Estate planning really is essential, especially if you own a company.  Failing to take professional advice can store up unforeseen troubles for both your business and your loved ones.  The point could hardly have been more powerfully made than by one High Court case concerning a company that was plunged into crisis following its founder’s death.

The businessman owned all the shares in the company and was its sole director.  His death had left the company directionless, and without directors or a company secretary to guide it.  Its bank account had been frozen, leaving it unable to pay its staff or tax liabilities.  The executors of his estate launched emergency proceedings in order to save the business.

In upholding the executors’ application under Section 125 of the Companies Act 2006, the Court directed that the register of companies should be amended to put the deceased's shares in the executors' names.  This enabled the executors to pass a written resolution appointing a director of the company who would have the powere to put it back on an even keel.

Such relief is normally only granted after a will has been admitted to probate, but the Court recognised that the case was wholly exceptional.  Given the company’s pending liabilities in respect of staff wages and a VAT demand, any delay could irreparably damage the business.

Government U-turn on Proposed Probate Fee Increases

We're delighted to say that the Government has announced that is was scrapping the proposed increases in probate fees in May (see previous post here:

The snap general election means that the Government acknowledges that it is unlikely that the large increases in probate fees due to come in in May will now take place, as there is insufficient Parliamentary time for the legislation to pass.

It is not clear whether the fees (which have attracted withering criticism as a 'stealth tax' on larger estates) will be brought back in a future session of Parliament should the Conservatives be re-elected.  However, one of the downsides if the planned changes are shelved is that the new system would have exempted small estates (those below £50,000) from the charge altogether. Under the present system, no fee is payable if the estate is under £5,000.

Human Rights Win for Adopted Children

Parliament alone can enact statutes – but judges have the power to interpret them in a manner that achieves conformity with the UK’s human rights obligations. Exactly that happened in one ground-breaking probate case, in which the High Court swept away one of the last vestiges of historic prejudice against adopted children.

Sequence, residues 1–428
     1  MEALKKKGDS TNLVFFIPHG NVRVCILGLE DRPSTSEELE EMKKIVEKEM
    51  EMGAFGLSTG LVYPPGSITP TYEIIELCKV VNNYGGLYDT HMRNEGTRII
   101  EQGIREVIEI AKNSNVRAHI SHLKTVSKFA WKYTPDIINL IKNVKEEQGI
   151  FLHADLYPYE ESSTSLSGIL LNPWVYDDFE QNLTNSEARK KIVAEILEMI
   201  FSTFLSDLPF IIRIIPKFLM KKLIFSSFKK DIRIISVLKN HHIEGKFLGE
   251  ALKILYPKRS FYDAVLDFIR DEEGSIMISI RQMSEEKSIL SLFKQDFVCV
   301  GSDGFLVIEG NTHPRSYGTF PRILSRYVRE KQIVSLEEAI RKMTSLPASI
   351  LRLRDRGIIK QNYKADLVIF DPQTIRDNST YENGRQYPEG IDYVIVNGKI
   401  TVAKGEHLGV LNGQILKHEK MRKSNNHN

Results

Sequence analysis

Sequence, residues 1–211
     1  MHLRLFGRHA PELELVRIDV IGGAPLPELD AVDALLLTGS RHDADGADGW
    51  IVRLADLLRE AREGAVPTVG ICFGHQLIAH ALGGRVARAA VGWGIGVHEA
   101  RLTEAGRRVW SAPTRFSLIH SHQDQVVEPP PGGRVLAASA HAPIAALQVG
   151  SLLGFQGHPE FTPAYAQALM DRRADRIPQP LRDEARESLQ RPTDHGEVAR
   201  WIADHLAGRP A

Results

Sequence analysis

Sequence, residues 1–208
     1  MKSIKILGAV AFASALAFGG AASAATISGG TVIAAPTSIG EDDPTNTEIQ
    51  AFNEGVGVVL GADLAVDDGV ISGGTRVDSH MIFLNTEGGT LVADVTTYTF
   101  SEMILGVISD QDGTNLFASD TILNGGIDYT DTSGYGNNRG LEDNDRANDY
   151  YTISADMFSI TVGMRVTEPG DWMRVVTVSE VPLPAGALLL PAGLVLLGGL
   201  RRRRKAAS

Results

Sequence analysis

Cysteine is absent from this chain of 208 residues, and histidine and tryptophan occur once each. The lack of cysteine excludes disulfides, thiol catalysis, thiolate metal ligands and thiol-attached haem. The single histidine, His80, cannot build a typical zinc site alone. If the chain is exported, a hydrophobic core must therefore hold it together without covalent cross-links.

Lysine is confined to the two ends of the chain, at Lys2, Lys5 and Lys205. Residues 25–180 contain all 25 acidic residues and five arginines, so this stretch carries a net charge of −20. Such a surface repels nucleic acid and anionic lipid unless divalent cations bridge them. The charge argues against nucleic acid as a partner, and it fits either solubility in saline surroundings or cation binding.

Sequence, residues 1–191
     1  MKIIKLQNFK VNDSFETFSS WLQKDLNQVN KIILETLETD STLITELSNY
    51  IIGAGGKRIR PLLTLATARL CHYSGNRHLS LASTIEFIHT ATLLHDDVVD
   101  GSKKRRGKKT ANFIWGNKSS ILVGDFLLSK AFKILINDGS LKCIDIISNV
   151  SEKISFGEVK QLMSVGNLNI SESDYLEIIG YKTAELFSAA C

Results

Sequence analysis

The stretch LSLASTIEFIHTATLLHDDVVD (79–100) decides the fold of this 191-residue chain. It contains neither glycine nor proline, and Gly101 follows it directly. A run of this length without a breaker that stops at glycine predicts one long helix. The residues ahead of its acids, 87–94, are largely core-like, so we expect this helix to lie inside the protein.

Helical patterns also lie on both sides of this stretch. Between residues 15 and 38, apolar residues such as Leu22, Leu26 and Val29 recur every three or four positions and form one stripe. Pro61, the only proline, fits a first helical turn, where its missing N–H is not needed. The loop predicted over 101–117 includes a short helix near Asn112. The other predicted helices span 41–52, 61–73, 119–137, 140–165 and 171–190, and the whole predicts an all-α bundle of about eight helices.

By his will, a man who died in 1947 left the residue of his estate to his two sons and daughter in equal shares for life. What remained of the estate on their deaths was to pass in turn, again in equal shares, to any of their children who attained the age of 21. One of the sons did not have natural children but had adopted two before his death in 2008. An issue thus arose as to whether the adopted children counted as ‘children’ for the purposes of the will.

It was agreed that, if the case were to be decided purely on the basis of domestic law, the adopted children’s claim would inevitably fail. Although the Adoption Act 1976 (the Act) provided that an adopted child should be treated in law as the child of the adopter, it did not have retrospective effect and did not apply to the will.

In coming to the adopted children’s aid, however, the Court found that the existing legislation had a discriminatory effect on the adopted children and infringed their right to respect for their family lives. Their father had died after the Human Rights Act 1998 came into force and the European Court of Human Rights had consistently ruled against laws that confer more limited inheritance rights on adopted, rather than natural, children.

The Court found that it was possible to read down the relevant parts of the Act so that they conformed with the adopted children’s human rights and enabled them to inherit under the will. Such a reading did not go against the grain of the Act and would not have practical repercussions with which judges would be unable to deal in the future.

High Court Breaks Deadlock in Novel Will Dispute

Twenty-four years after farmland was compulsorily acquired to make way for a new motorway, a judge has ruled on the correct destination of compensation payable by the Department for Transport. The case raised novel issues of particular interest to wills and probate professionals.

The land was acquired in 1993 to enable the construction of the road, which opened to traffic in 1997. Its owner had received interim compensation payments but more than £90,000 remained outstanding at her death. She had executed a number of wills over the years, all of which left the land to her godson. Her final will bequeathed the residue of her estate to three cousins.

In those circumstances, the executors of the will sought judicial guidance as to whether the money should pass to the godson, as inheritor of the land, or to the cousins, as residuary beneficiaries. In ruling in favour of the latter course, the judge rejected arguments that the owner could be taken as having intended a gift of the money to her godson. On a true interpretation of the will, no such intention could be discerned and the money thus fell into the residue of the estate.